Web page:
Last year marked the beginning of a five year campaign to commemorate the story of America's Civil War. For many Americans the Civil War stirs up emotions of another time. For some that was a time that has been romanticized. For others it is a time that was long awaited and the beginning of a transition from enslavement toa new journey of freedom.

I launched this blog a year ago today, and my goal was to simply tell a few of those stories long ignored, long forgotten, and simply buried. I was not sure if I could, but I managed to sustain it, and I dared to venture into an arena long considered a subject area for males only. In addition, the Civil War is a subject  that few of people of color have as a topic of interest. But this incredible conflict which divided a nation, involved people of color--men, and women alike. This national conflict also included persons who were enslaved, and those who were anxious to be free.

Thankfully their stories are emerging more even though the circle of people who tell those stories is a small circle. In fact, although there are many websites and blogs pertaining to the Civil war but how many persons of color are telling those stories?  I know of less than 20, I know of less than 10, in fact I cannot name 5.

I understand how and why there are so few Civil War blogs written by people of color. Many of us simply feel that we simply do not know enough about the Civil War to actually create and sustain a blog about it.

After all----how many us can recall the moments in high school sitting through US History dreading the time period of the Civil war and simply praying that we would get through that time period quickly?

I remember it quite well. Oh the true sense of dread!  The sense of detachment, and the very real sense of shame.  The shame came because there were no stories in our textbooks of heroes from the enslaved population. Our textbooks offered no stories of resistance, no stories of courage, and no stories of any efforts to win freedom. There was no one for me to embrace from the story of that conflict. The Civil War story as it was taught did not reflect me.

But little did I know that there WERE such stories! What I missed such amazing stories. A favorite for me is the story Robert Smalls who took over a confederate gunboat, and steered his way into freedom!

Robert Smalls

The Planter - Gunboat Steered by Robert Smalls

And the soldiers--there were thousands of them! And these men were fighting for their freedom!!!

What a surprise to learn that the 11th US Colored Troops were organized in my own hometown!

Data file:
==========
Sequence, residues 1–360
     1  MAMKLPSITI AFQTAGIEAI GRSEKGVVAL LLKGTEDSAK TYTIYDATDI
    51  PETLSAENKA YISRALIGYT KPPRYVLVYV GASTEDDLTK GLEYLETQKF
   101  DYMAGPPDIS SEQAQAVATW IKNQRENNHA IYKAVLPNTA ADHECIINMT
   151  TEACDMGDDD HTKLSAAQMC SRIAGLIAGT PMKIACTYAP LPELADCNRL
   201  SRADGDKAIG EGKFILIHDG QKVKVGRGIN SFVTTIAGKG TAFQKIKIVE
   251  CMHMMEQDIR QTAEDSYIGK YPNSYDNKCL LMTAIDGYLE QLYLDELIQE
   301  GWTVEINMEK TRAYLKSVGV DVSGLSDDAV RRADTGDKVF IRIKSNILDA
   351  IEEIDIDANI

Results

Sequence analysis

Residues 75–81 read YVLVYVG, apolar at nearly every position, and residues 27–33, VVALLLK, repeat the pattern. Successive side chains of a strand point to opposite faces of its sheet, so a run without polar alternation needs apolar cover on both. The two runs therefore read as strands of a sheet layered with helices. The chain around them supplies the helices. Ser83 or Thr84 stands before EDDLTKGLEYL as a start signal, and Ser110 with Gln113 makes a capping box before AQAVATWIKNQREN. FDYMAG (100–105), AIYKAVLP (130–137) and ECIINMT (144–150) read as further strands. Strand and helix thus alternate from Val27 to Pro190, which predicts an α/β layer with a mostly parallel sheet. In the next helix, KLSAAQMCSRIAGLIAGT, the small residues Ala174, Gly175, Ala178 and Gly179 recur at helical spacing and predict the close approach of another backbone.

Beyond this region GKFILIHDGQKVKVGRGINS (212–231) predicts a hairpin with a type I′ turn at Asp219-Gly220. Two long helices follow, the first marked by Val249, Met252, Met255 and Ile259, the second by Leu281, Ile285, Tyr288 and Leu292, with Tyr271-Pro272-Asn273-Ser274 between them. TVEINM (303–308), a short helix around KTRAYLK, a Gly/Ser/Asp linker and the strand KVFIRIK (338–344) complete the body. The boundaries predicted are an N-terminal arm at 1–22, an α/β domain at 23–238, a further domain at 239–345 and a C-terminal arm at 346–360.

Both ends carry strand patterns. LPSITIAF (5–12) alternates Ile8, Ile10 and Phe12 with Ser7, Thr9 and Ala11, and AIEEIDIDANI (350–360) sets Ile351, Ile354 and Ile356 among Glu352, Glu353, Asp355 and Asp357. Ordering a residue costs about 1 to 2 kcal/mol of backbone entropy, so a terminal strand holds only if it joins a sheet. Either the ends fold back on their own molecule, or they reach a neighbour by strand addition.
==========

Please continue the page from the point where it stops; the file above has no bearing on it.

Image from Service Record of Soldier in the 11th US Colored Infantry

And in the local national cemetery nearby, over 100 Civil War soldiers of color are buried.

Entrance to Ft. Smith National Cemetery

All were Union Army, from multiple regiments, yet  I was never taught this. (I wonder if they are taught this today--somehow I have my doubts.)

The greatest surprise, is that some of the most amazing Civil War stories come from my own family history! It would be 3 decades after that US history high school class, before I would learn their names and learn about the amazing events in their lives. And what stories they were! Some of my readers on my family history blog, followed my story about how I found Uncle Sephus Bass who served in the 111th US Colored Infantry.

But Uncle Sephus was only one ancestor. There was Braxton Bass, (another uncle) and Henry and Emanuel Bass--both brothers who were sons of Uncle Sephus, and Thomas Bass, from the same community. On another family line there was Berry Young, there was John Talkington, and there were the Ordway brotheres, who enlisted as William Oddaway and James Oddaway.

William and James Oddaway were also names of ancestors in the US Colored Troops

There were the contrabands as well---women and children were not to be left behind when the Union soldiers came through. They followed their men. Once separated--they continued their trek to freedom! What joy--freedom!

So as this second year of this blog begins, I plan to highlight people the unknown men, and women who won their freedom.

No one should ever feel shame for those untold stories again!

I hope that others from the larger family will begin to tell their family stories of freedom. I hope that other African Americans will join the small family of writers and bloggers who dare to write about the Civil war.

What a travesty that there are less than 5 blogs honoring US Colored Soldiers and Sailors. There are many of us who descend from these thousands of men and women---and I hope that others will join me